Just as with keeping a diary, creating structure is something that can become very complex very quickly. It might be tempting to try everything I have written in this blog, but that might cause you to give up on the whole thing because it is too much in one go. It has taken me years to discover and use all these techniques, and some of them I have stopped using again. But the most important goal isn’t to use it all at the same time, the goal is to get more structure in your life, and by trying out different things I have become more and more successful at it. It still isn’t perfect, but that’s OK. So just try out different things on this list, and see what works. If you find something that does work on some level, but not on another, see if you can change it and in that way make it work for you. Do not give up too quickly. If getting a structured life was easy, you would have figured out how a long time ago and it would never have been a problem.
Do things that you find difficult in blocks of 10 minutes
For a long time my E-mail account was a big mess. There were days I didn’t check my e-mail, I was subscribed to way too many newsletters and such, and at the worst point I had more than 10,000 unread messages. I don’t want to know how many there were in total. I tried to empty my inbox several times, but never successfully. Until someone told me that I should use just 10 minutes per day where I worked on emptying my inbox, no more and no less. I was skeptical. I would probably start quite successfully and keep it up for a week or so, after which I would give up again. But to my surprise this turned out to be the perfect way for me to clear out my e-mail. After a few weeks I was done, and went on cleaning up other digital spaces that were mess, such as my hard-drive. And although my e-mail account has several times become messy again, it is never as bad as is used to be and it is a lot easier to clear up. The trick is that you only do such a task for 10 minutes and no more. I have a tendency to think that 10 minutes really isn’t enough time and increase it more and more, until I loose my motivation and then just quite. But by doing a task like cleaning up your e-mail account for only 10 minutes, it’s not just easy to keep doing it, often you can do it quickly between two larger tasks, making it easier to plan.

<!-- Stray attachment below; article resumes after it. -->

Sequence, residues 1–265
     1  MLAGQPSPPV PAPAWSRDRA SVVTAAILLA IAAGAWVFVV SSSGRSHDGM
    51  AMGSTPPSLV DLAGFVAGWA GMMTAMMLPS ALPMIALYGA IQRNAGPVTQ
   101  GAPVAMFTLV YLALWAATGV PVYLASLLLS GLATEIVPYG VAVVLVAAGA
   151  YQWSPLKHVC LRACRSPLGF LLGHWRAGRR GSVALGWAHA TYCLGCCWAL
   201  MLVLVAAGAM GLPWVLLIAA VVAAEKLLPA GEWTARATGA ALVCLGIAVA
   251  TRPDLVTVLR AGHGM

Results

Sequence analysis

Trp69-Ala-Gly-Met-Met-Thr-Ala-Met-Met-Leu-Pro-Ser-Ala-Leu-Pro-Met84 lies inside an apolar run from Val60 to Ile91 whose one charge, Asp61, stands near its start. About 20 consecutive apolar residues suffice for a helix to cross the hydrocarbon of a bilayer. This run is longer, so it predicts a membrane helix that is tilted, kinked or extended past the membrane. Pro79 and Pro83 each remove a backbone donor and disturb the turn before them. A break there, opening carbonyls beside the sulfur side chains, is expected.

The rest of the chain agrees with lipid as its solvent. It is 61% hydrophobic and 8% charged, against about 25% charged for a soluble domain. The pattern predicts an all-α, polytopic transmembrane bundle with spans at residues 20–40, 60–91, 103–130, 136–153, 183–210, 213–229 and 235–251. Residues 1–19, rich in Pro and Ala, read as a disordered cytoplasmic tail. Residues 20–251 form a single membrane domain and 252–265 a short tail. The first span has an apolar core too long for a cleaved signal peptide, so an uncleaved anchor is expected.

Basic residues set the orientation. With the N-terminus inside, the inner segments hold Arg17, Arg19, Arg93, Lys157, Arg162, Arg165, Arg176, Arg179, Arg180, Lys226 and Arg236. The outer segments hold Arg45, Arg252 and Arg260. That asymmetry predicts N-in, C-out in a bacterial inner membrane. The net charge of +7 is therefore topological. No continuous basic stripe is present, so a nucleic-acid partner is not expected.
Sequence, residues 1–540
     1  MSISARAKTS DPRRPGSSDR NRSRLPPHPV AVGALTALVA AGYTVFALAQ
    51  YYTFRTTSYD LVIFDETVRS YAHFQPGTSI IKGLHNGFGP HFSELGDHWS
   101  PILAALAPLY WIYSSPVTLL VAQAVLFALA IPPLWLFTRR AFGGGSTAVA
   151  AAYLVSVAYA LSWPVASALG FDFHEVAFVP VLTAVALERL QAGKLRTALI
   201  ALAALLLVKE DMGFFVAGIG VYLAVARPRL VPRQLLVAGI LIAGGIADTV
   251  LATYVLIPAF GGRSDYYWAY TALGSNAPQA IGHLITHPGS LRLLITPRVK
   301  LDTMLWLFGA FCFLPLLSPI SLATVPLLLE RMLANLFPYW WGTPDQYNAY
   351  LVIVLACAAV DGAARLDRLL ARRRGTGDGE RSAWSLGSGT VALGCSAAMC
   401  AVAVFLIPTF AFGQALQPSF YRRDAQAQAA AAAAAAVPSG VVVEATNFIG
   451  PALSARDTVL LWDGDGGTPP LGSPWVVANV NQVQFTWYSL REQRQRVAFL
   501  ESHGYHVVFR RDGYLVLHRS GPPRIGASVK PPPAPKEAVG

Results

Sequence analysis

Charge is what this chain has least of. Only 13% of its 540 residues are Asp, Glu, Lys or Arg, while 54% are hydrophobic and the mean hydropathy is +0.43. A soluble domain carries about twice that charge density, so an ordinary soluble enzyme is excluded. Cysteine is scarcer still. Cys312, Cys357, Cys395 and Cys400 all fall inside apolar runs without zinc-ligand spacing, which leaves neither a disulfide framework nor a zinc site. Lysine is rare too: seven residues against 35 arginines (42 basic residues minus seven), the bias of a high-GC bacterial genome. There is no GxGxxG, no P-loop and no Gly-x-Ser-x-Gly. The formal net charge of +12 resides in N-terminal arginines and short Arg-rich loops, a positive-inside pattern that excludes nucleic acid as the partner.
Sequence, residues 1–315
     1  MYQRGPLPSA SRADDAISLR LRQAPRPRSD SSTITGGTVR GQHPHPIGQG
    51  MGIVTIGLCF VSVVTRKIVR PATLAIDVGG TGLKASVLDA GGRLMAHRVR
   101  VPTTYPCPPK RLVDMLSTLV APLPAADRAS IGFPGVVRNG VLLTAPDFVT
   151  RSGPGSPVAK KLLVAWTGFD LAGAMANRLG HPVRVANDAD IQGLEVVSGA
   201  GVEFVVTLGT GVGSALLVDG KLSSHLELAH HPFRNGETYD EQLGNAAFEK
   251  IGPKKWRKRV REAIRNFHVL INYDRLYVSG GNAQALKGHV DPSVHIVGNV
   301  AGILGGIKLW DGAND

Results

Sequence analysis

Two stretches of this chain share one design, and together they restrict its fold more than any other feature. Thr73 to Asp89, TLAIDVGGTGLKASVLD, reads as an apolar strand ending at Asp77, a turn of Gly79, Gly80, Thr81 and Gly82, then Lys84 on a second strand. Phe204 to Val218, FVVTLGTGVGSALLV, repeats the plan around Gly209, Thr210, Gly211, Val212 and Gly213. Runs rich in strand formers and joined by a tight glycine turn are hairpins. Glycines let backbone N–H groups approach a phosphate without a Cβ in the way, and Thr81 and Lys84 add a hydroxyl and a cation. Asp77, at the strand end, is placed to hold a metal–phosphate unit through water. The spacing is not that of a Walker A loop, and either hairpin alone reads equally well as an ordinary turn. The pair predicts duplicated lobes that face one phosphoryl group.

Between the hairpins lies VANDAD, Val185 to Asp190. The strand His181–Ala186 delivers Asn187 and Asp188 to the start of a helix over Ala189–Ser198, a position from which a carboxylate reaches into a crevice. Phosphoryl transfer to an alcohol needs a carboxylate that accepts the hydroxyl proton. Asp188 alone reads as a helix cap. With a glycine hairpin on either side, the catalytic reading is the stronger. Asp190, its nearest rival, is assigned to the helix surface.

Create your own deadlines
This is something that I discovered not that long ago. As long as there is the pressure of a deadline, most people with ADHD can be very productive. The problems start when there is no such thing, and people still expect you to be productive anyway. For some tasks that do not have a deadline, it pays off to create your own. My clearest example is keeping this blog. I have agreed with myself, and told several people around me, that I will post something every Monday. That way it is a lot easier to start writing. Even though there are no consequences to me not posting anything, the idea that I would not keep my promise is enough to motivate me to start with the first draft on Saturday. Someone else wanted to remodel their kitchen. They started with the kitchen and then invited people over for the Christmas holidays, which were about two months away at that point. That way, they had no choice but to finish the kitchen, and did so successfully. So if you want to do something but keep postponing it because there is no deadline, tell people about your plans and when they can expect certain parts of those plans to be done.
Creating structure can be a real nightmare if you have ADHD and no idea how or where to start. In this blog post I hope to have given you some useful information. Or maybe you have found a completely different way to deal with structure. I would love to hear what has worked for you.